Philosophy · 3 April 2013 · Ian Malpass

Advice to future software engineers

Software engineers write code for a living. It’s our job to make computers do what we need them to do, to take our ideas and the ideas of others about how the world can be made better with technology and actually make the world better.

There aren’t enough of us, so this is as much a sales pitch to you as it is words of advice.

Don’t aim to be a software engineer

While that doesn’t seem to be the best introduction to a sales pitch for software engineering, bear with me.

Aim to change the world. Change your world. Look at what could be made better through technology in your everyday life, in the streets and communities where you live.

It happens that computers are all over the place, and provide really useful ways to make the world better. Learning to code, learning how to wrangle these machines, means you have access to good sharp tools for making the world better. Even if you don’t end up being a full-time software engineer, you’ll know how these things work, and you’ll know how to use them where they’re useful.

But it’s quite possible you’ll find that software engineering is actually the career for you, and if you do, and if you’re smart, I’d like you to have a better purpose than just writing code. So aim high, and remember that code is a means to an end.

Start now

Malcolm Gladwell wrote the book Outliers about what factors contribute to success. One of the themes of the book is the “10,000 hour rule”—that it takes over 10,000 hours of practice to achieve greatness in any particular field. That’s ten years at 20 hours a week. That seems like a long time. It is a long time. But the good news is that you can be a good software engineer—and gainfully employed, at that—way before that. Even better, if you start coding now, you’ll get there sooner.

How to start?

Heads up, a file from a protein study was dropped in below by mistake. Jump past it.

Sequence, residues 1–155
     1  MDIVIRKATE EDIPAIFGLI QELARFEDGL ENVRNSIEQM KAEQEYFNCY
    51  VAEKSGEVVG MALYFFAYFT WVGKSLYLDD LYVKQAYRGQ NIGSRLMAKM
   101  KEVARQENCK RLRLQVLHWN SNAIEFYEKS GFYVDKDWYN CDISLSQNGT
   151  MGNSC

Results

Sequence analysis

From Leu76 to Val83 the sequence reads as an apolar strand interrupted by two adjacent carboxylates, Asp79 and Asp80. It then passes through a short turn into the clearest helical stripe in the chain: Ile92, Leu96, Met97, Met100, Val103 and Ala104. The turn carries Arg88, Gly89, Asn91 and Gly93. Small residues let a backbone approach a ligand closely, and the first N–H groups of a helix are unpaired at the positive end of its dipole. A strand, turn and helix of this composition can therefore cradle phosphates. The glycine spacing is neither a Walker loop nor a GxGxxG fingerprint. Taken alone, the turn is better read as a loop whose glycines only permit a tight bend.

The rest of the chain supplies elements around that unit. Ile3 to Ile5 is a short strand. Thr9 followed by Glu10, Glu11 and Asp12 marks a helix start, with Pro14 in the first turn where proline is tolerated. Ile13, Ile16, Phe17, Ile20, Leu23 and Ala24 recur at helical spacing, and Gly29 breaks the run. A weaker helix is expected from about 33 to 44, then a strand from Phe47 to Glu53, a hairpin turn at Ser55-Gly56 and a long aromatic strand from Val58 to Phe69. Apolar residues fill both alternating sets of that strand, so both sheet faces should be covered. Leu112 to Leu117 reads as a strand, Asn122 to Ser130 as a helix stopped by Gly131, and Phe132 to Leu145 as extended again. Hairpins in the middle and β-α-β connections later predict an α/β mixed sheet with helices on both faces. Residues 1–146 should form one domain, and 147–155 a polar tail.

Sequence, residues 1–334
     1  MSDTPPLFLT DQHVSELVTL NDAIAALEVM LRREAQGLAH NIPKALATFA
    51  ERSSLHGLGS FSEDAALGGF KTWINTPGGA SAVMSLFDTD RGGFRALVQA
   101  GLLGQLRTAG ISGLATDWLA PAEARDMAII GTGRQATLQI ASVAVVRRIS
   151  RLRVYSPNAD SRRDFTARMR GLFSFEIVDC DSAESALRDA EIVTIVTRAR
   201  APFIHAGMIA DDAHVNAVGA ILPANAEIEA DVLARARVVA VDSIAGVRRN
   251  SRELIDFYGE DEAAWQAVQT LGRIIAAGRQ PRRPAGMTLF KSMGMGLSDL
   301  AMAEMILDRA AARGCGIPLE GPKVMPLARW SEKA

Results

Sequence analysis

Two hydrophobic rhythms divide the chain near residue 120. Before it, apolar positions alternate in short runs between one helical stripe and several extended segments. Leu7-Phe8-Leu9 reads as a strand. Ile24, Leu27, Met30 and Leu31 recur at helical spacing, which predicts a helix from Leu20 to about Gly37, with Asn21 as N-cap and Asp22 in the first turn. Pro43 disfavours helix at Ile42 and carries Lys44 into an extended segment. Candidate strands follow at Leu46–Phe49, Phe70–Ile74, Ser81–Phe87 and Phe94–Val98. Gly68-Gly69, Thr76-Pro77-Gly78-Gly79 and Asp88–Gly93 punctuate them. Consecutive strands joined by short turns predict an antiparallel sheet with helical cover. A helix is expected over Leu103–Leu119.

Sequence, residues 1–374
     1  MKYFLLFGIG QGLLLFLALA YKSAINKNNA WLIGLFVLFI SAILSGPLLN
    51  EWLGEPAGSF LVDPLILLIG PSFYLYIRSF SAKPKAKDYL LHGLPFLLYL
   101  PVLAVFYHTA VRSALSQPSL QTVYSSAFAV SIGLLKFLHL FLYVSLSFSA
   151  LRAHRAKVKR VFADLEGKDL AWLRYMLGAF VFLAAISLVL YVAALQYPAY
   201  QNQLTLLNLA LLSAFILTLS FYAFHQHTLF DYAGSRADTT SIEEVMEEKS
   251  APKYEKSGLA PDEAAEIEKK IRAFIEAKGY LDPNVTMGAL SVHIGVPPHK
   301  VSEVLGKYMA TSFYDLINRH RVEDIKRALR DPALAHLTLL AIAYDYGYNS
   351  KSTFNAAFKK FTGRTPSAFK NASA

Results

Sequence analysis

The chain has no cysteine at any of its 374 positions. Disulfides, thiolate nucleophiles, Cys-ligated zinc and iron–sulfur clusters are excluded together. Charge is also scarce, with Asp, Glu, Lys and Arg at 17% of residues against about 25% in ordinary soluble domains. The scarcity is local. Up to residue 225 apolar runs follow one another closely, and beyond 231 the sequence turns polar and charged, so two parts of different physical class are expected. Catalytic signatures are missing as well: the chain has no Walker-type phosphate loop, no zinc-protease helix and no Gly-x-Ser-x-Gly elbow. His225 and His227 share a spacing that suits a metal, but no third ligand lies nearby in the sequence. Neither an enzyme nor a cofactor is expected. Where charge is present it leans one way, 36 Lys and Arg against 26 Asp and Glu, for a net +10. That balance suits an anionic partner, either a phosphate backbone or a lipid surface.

One of the great advantages of software engineering is that it is a discipline you can learn by apprenticeship—you can learn by doing, and by making useful things.

With most programming languages you can start off with the basics and get progressively more proficient over time. Probably the easiest ones to start with are “scripting languages”, of which the most popular currently are Ruby and Python. Pick one of those and learn it. There are online classes and interactive web sites and all manner of books. Some are stranger than others.

You may be able to take classes in school, in which case you’re fortunate, but learn by yourself too. Yes, you’re busy. I didn’t say it would be easy, just worth it. Form a group with friends and learn together if you’d like—peer support is invaluable.

What to start on?

“Scratch your itches” is the usual advice, and it’s good advice. Find a problem you need solved, and solve it. When I was in high school, I wrote a program to test me on my vocabulary for my German class. It wasn’t pretty, but I learned a lot about programming and a fair bit of German vocabulary too. (Start small so you don’t get discouraged. “Make the next Facebook” is not the best first project.)

Don’t get discouraged. People will tell you that programming is easy and it is… once you know what you’re doing. Mostly. Except when it isn’t. Keep trying.

Once you get the hang of the basics, you’ll probably want to make something that other people can use. The web is probably the easiest platform to get started with. You’ll need somewhere to put your code—Google App Engine, Heroku, and Amazon Web Services all have free options for hosting code. You’ll want to learn HTML and CSS and maybe some JavaScript.